Just under a year ago, I started a story about a writer on holiday in Australia (where I wish I was most days). Back then she was called Emmy, but she’s since been renamed Poppy.
I started telling her story as a way to escape reality (as most great pieces start). I was hiding from my dissertation, which required heavy amounts of research into WWII. It was emotionally draining to write in places, so I really needed the distraction.
Emmy befriended a handsome surfer (because I like handsome surfers) called Thom, and things got a little 18-rated from there.
About a third of the way in, a plot point popped into my head: a body had to wash up on the beach.
No, I told myself. This is a romance story. You’re writing this to escape seriousness.
But the idea wouldn’t get out of my head.
So Emmy and Thom stumbled upon a body on the beach and from then on, my simple, escapist romance, turned into a crime novel.
I finally accepted that it wasn’t a standard romance novel anymore. My head then started spinning with ideas.
I rushed to finish the first draft—something I’m very bad for doing, leading to rushed endings that need far more work than the beginning—concluding with a tidy(ish) crime and a messy relationship. And an idea for a sequel.
Romance and crime are genres I certainly never thought I’d be combining, but I’m enjoying working on Poppy Winslow (the WIP title) as a side project to The Adventures Of…
When I’ve discussed the idea with other writers, they’ve been mostly intrigued. Crime and romance are two genres that are seldom combined, but why not? It’s the literary equivalent of horror/comedy films or hiphop/rock songs—you don’t think it will work, but it can. That’s not to say it will every time, but you never know until you try.
I’ve written romance for a long time, but have seldom written crime. I watch and read a lot of it, however, so it’s seeped into my writing from that. That being said, it didn’t occur to me until recently that the first piece I ever wrote would fall into the crime category. It was about a china teacup that gets stolen and included (terrible) drawings. It was written in that typical seven-year-old way, but perhaps it was a sign of things to come.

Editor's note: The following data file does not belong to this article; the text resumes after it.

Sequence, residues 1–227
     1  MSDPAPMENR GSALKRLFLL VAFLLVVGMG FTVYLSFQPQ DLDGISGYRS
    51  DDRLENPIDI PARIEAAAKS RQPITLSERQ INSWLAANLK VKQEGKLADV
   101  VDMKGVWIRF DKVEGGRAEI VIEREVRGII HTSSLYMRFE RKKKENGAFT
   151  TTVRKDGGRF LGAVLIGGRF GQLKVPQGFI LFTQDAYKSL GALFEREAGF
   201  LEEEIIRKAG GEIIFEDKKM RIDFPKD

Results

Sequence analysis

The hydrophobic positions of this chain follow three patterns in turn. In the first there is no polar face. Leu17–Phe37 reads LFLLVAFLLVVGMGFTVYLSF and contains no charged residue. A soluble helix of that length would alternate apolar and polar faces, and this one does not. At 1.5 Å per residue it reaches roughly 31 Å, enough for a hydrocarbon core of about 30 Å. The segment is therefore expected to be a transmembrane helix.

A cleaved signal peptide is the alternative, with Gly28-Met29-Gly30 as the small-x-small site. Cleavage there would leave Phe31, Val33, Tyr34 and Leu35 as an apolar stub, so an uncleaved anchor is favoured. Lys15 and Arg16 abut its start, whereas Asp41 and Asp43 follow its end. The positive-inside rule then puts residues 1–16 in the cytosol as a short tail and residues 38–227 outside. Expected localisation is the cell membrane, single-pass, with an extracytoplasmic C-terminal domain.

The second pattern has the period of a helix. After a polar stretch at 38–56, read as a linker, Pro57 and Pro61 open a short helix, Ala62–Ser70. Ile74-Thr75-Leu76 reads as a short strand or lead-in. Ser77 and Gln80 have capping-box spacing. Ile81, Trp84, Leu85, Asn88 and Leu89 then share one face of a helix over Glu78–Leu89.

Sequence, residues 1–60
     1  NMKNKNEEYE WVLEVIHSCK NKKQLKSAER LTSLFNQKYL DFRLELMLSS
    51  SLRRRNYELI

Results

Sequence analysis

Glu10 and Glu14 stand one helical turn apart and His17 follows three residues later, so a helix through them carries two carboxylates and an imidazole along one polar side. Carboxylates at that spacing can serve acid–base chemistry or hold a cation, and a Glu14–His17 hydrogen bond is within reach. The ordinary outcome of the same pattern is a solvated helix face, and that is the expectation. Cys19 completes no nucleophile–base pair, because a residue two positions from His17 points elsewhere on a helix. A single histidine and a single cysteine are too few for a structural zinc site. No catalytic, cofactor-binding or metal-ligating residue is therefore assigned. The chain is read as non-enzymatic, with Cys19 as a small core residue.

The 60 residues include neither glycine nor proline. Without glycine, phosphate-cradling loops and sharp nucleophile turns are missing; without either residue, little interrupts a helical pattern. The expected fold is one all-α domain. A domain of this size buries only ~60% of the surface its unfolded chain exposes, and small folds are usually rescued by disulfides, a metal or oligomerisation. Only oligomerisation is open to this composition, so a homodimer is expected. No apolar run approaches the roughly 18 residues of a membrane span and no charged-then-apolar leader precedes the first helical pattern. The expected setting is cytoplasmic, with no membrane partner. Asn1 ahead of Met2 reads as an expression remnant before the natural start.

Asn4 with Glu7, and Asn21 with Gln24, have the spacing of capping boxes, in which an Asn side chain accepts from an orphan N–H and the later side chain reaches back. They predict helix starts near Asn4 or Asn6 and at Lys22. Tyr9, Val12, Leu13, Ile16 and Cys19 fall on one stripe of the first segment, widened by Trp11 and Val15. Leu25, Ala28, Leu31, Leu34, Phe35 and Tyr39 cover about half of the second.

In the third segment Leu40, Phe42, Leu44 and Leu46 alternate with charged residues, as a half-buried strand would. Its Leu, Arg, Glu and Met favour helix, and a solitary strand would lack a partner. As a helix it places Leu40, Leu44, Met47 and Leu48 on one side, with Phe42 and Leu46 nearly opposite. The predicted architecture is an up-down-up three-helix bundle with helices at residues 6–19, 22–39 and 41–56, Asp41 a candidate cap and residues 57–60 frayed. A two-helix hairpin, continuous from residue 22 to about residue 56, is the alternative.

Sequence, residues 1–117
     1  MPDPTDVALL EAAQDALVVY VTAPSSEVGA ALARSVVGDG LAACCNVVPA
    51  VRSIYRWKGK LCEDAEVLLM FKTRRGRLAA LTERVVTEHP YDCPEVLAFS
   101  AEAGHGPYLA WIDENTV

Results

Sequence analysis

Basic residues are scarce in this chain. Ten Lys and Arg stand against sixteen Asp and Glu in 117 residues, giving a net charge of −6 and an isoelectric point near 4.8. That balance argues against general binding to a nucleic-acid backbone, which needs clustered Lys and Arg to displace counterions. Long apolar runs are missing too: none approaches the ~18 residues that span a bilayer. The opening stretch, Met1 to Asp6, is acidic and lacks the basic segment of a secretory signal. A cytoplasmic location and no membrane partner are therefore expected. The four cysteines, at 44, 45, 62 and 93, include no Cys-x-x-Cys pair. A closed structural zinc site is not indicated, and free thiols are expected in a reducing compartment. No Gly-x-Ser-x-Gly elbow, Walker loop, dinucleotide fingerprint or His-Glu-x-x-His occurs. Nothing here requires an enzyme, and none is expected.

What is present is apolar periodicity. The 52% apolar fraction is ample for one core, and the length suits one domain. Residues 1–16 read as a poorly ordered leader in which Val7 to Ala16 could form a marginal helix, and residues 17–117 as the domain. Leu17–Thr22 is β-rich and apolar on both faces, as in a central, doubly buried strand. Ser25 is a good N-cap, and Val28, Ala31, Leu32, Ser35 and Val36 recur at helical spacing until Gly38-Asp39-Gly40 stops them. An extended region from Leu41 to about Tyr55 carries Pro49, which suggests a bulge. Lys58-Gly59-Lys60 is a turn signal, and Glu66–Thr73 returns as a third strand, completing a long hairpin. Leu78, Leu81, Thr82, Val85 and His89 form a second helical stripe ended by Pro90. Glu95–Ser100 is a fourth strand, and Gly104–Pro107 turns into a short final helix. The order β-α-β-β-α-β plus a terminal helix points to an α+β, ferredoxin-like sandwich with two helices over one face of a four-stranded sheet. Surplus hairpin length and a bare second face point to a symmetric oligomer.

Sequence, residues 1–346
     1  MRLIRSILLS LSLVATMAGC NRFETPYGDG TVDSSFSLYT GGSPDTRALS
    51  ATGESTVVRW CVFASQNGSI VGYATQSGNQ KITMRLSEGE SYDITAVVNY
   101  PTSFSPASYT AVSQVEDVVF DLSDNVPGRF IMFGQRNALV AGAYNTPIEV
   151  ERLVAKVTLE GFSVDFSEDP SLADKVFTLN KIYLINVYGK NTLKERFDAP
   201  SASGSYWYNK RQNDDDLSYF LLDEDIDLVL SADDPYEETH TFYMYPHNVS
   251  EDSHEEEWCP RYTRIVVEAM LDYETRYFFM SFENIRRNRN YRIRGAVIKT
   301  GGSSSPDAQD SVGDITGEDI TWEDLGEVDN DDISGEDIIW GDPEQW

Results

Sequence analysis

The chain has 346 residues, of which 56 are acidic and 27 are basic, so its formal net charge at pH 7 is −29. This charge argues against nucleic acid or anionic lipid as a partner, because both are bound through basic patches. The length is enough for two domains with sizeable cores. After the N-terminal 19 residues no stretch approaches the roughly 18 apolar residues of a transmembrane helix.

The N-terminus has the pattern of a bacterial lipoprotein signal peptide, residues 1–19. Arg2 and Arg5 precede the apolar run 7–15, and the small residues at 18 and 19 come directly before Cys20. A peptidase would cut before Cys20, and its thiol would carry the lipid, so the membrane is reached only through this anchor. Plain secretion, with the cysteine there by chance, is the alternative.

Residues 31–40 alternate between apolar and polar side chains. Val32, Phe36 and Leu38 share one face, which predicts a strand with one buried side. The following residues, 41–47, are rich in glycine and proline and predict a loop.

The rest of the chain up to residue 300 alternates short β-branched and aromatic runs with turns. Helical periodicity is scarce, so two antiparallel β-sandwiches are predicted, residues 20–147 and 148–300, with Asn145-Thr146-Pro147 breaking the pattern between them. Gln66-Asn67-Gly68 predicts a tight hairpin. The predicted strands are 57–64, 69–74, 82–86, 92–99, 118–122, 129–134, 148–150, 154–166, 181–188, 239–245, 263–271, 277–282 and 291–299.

I don’t remember writing another crime story until I was 19 or so. That was another genre hybrid—about a PI that discovers she’s a witch. I adored writing her, but I struggled with the complicated plot that I’d laid out for myself and fell into stereotypes with a plot that fizzled out towards the end. I’ll probably revisit her one day, but I’m not quite ready to yet.
After that, it wasn’t until Poppy that I had an idea for a crime novel. Most of my stories are much more driven by relationships than crime. However, the crimes in Poppy Winslow are very much relationship-driven, and I think that’s part of how I came by the idea.
I’ve just finished the second draft of Poppy Winslow. She’s found her voice, Thom has almost found his, and I’ve got the basics of the plot. The next step is for me to do more research around the crimes involved and make some edits instead of just leaving sarcastic comments for myself.
Stay tuned for more updates on Poppy Winslow and The Adventures Of… as I continue to work on them!
You can also keep up with what I’m doing (I tend to live tweet when I’m (avoiding) writing) over on Twitter!